Conventional wisdom says that the more motors connected to a feeder, the faster voltage will collapse when there is a reactive deficiency. This is true to the extent that voltages do drop faster, but the voltage may not fall all the way — so a voltage collapse does not occur. A different, and perhaps more problematic state is reached, when the feeder is in equilibrium point at a low per unit voltage.  This is operation on the Voltage Ledge.

Stairway to the Voltage Ledge

The preliminary steps to the Ledge are consistently recorded in major voltage instability events, and has the following progression:

  • High system demand conditions associated with a summer heat wave require large amounts of reactive power being imported into a load pocket.
  • Over time, the transient reactive supply provided by nearby or local large synchronous generators is withdrawn by the same generators (by operator action or through over-excitation limiters).
  • More and more reactive power is then drawn from farther away from the load pocket, increasing reactive transmission losses and resulting in a gradual drop in transmission voltages.
  • Step-down transformers between the transmission and distribution level voltages adjust to the drop in transmission voltage by automatically hanging taps.  Thus distribution loads see “normal” voltage even as the transmission system voltage is dropping.  As a consequence the demand remains constant and the load pocket’s reactive deficiency continues.
  • As transmission voltages continue to drop, the step-down transformers reach their tap limits. This would occur at about 0.9 p.u. voltage on the high side of the step-down transformers.  The high side may be at a subtransmission voltage level between 34.5 to 138 kV.  From higher voltages, this would appear as higher per unit values, up to 1.0 per unit at 345 kV and higher.
  • When the step-downs reach their tap limits, the loads on the distribution network begin to see a dropping voltage.  As noted at the start of this article, when there are more motors on a feeder, the voltage drop is much faster.  Motors, primarily induction type air conditioning units, draw increasing reactive power as voltage drops.
  • As voltage drops, some motors may stall, drawing even more reactive power.  But some motors may tripout, which would tend to give a slight increase in voltage.   In addition, non-motor feeder load would decrease reactive demand at voltages below nominal resulting in an increase in feeder voltage.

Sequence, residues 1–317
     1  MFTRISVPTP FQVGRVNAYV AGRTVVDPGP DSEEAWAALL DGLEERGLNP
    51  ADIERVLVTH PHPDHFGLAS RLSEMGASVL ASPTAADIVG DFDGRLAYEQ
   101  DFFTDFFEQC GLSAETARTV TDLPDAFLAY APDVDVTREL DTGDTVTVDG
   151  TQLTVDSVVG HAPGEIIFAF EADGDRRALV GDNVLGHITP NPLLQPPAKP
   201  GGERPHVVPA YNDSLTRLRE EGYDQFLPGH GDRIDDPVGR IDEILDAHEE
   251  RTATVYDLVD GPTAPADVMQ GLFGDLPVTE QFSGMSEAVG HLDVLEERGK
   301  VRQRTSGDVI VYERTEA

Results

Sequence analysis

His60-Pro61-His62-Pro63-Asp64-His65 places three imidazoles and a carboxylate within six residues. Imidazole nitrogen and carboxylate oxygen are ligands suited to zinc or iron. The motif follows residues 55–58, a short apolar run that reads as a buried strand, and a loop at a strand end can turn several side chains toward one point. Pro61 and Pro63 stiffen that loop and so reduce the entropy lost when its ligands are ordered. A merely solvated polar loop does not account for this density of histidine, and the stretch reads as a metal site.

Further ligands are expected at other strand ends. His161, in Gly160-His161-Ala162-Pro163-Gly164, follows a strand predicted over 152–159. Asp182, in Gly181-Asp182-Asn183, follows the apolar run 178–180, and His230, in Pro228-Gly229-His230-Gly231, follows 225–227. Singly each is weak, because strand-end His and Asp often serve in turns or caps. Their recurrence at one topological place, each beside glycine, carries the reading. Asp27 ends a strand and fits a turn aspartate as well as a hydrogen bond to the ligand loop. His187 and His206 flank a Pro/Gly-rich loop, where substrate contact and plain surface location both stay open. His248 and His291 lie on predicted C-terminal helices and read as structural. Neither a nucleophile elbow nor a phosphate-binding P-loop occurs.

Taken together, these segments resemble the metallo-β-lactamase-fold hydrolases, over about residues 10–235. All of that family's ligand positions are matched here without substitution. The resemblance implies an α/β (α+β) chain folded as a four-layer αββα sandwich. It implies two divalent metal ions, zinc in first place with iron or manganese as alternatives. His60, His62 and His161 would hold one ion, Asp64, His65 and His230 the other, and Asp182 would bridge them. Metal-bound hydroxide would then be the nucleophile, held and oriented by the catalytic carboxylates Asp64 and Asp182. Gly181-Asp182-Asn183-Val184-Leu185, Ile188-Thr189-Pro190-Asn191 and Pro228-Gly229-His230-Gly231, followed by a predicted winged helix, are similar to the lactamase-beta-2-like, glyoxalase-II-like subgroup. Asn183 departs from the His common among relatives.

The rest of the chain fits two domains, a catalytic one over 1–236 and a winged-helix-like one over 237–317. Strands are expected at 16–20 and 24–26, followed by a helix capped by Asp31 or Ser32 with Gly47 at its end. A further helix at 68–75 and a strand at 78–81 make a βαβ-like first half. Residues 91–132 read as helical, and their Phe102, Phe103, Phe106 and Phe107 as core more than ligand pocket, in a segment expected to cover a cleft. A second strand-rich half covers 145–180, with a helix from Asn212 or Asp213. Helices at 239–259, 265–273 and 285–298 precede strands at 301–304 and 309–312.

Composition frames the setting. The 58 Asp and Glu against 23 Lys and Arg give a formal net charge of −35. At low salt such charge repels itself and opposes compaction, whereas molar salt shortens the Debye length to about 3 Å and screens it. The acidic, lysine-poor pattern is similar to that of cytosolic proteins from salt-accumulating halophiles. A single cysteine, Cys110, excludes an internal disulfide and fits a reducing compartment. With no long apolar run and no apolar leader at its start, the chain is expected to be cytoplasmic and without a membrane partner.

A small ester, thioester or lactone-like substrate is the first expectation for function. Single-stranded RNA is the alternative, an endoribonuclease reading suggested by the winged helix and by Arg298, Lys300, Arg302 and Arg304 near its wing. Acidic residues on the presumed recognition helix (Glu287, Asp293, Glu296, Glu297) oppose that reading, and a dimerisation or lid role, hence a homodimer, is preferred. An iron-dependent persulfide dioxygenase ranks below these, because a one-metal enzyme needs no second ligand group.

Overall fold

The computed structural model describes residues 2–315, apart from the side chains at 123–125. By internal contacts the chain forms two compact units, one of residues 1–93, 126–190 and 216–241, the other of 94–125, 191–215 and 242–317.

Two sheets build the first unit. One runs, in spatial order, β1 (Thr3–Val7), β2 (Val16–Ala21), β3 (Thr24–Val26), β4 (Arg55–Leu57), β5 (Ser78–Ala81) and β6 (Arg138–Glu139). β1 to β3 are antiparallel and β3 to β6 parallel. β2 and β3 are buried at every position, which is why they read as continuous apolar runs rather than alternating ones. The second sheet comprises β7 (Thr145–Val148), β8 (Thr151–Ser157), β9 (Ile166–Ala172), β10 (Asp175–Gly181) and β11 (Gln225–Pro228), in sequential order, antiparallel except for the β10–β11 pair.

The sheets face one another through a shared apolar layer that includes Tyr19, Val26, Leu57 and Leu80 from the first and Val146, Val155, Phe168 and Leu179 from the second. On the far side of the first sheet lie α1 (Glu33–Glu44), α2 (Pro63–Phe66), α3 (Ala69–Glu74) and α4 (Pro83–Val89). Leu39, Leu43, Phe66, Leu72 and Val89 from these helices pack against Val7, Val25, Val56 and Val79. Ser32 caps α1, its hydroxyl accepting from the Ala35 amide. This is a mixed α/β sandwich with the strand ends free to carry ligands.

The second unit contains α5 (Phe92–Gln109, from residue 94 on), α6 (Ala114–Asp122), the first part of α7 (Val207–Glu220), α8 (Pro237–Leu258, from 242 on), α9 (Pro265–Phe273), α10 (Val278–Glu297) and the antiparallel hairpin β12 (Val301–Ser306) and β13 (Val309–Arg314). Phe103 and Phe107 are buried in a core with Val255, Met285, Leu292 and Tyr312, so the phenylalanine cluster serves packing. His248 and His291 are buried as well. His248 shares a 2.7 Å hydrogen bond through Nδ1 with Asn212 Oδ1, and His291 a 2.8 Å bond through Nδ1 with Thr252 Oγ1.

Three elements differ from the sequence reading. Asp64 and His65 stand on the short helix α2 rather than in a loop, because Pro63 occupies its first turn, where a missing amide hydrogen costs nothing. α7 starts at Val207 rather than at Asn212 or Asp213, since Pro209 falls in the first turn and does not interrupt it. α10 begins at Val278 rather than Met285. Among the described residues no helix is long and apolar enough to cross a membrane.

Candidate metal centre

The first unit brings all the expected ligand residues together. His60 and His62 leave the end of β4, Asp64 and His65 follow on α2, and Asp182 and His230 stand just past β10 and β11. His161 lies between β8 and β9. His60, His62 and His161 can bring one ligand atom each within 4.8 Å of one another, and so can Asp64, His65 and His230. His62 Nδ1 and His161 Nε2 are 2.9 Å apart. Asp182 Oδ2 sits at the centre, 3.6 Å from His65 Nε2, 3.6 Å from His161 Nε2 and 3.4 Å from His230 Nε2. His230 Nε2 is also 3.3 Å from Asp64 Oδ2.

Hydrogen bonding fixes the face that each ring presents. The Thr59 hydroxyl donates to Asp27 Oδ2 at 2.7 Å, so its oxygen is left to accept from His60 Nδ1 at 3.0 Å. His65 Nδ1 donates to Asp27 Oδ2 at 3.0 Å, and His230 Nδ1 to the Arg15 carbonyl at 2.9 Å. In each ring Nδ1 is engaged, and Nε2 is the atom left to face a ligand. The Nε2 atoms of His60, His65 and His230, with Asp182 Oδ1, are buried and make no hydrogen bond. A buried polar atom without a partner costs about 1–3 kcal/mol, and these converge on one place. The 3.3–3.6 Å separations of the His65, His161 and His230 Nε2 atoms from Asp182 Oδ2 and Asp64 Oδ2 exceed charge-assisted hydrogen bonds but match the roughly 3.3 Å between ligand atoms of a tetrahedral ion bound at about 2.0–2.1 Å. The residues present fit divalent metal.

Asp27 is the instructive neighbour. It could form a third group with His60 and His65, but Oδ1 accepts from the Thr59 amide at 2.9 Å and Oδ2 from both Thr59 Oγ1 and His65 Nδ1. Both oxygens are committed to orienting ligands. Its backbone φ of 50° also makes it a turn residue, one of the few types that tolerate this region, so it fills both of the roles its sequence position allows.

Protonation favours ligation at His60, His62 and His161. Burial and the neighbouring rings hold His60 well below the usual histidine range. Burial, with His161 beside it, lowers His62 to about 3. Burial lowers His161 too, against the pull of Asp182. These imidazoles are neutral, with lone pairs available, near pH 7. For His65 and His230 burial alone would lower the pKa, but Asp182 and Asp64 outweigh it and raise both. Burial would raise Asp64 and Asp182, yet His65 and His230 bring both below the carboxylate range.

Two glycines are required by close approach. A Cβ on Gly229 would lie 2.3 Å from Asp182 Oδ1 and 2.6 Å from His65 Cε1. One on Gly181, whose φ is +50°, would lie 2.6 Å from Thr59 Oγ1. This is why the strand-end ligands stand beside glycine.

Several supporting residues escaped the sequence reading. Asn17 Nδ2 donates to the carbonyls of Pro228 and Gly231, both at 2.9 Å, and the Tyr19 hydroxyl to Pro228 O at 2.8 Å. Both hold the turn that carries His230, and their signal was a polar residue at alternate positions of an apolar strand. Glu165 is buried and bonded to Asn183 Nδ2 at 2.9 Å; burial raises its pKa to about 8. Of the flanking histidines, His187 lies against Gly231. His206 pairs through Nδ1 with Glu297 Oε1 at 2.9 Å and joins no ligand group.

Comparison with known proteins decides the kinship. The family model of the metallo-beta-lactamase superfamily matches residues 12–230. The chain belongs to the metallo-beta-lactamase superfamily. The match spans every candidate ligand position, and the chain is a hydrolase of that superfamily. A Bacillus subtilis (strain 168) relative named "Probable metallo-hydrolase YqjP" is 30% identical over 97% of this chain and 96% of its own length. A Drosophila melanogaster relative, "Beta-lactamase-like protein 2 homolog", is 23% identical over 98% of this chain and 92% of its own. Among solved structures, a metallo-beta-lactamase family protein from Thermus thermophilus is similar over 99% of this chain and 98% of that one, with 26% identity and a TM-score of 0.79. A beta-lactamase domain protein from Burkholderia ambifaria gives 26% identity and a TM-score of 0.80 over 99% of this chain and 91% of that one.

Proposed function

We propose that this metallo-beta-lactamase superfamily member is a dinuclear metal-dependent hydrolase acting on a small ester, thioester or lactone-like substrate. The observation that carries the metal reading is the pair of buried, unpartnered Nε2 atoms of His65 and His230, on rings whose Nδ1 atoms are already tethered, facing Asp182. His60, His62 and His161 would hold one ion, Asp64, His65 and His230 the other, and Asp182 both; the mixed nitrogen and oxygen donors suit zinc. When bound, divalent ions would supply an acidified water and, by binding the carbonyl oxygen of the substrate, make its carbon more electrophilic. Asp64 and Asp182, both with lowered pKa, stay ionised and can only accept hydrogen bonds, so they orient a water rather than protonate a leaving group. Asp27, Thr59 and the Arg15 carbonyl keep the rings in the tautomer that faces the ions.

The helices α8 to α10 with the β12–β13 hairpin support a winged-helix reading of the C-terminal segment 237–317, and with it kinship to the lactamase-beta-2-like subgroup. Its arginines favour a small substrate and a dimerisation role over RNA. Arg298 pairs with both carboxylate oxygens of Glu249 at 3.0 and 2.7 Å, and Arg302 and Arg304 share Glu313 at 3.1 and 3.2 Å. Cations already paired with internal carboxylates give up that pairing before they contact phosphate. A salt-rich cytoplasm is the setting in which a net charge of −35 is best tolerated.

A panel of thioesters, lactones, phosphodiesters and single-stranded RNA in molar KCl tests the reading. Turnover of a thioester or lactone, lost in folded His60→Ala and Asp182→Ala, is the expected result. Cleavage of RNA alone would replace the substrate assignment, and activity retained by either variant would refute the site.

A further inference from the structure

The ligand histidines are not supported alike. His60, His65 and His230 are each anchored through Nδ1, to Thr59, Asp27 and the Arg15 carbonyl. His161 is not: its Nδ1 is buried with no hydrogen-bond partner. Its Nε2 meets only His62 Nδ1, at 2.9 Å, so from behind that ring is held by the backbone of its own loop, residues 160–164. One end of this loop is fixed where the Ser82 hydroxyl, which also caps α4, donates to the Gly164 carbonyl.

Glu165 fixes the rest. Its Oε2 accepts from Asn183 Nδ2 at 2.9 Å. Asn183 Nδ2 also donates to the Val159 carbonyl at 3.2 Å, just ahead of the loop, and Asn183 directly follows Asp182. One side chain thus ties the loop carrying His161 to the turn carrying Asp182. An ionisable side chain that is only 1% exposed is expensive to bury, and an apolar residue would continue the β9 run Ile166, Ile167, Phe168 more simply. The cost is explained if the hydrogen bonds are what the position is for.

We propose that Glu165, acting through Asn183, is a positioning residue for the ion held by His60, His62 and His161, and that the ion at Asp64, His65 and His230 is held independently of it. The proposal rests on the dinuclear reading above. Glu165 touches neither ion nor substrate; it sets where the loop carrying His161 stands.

• So we have a state where there are factors seeking to drop voltage and others seeking to raise voltage.
  • In addition, if voltage recovers, some motors may restart, causing a drop in voltage.  If the condition stays for several minutes, some loads start to show a self-restoring quality — these return their power demand to near normal levels even though terminal voltage is below nominal.
  • The combined effect of these various influences results in an equilibrium state, characterized by low voltage, relatively steady net demand and high line currents.

This is life on the Ledge.  Loads, such as computers and electronic devices, are exposed to a continuous shift in voltage leading to insulation and other failures.  Transformers, bushings and insulation are exposed to high current that is peaky and filled with harmonics.  The voltage has held steady at the transmission level, making operators unwary of the goings on in the distribution system.


Some actions intended to alleviate this state and their consequences include:

  • Grid operators may succeed in starting up emergency generators or obtain vars from a remote generator coming online.  There are additional vars that reach the distribution system, but if the amount is not sufficient to relieve the Ledge state, it may just bring about a new equilibrium state, another voltage Ledge.
  • Operators may call for a voltage reduction which is a change in the setpoint of the step-downs to a lower voltage.  The objective is to reduce demand.  When the system is in the voltage Ledge, this does not produce an operating change, since the tap changers are already at their limit.  If the voltage reduction order is made before the feeders reach a voltage Ledge, this might in fact hasten the entry into a voltage Ledge.

What actions help:

  • If the system can hold on until the heat wave diminishes, the lower demand will gradually ease the system out of a voltage Ledge.
  • If a large load is shed, this would also allow some reprieve.

The system may remain on the Voltage Ledge for an extended period, up to 2-3 hours as recorded in the 1999 East Coast event.  If a contingency occurs, such a line outage or generator trip, this significantly reduces reactive supply, the system may enter into collapse.  This time in earnest.

Case Samples

The following are voltage traces from previous voltage collapse and near voltage collapse events.

  1. From July, 1999, near voltage collapse event in the PJM coastal regions, a trace of 500 kV voltages going below 1.0 per unit for 2-3 hours.
  2. From August, 2003 for Northeast Blackout event, a trace of 500 kV voltages in PJM

  3. From Tokyo Voltage Collapse event of August, 1987, trace of EHV voltages


  1. Report of the U.S. Department of Energy’s Power Outage Study Team, Findings and Recommendations to Enhance Reliability from the Summer of 1999,” Washington, DC, March 2000.
  2. Blackout August 14, 2003 Final Report,” New York Independent System Operator,  February, 2005.
  3. Final Report on the August 14, 2003 Blackout in the United States and Canada: Causes and Recommendations,” U.S.-Canada Power System Outage Task Force, April 2004.
  4. Technical Conference on August 14 Blackout,” North American Electric Reliability Council, presentation by Shinicho Imai, Tokyo Electric Power, January, 2004.

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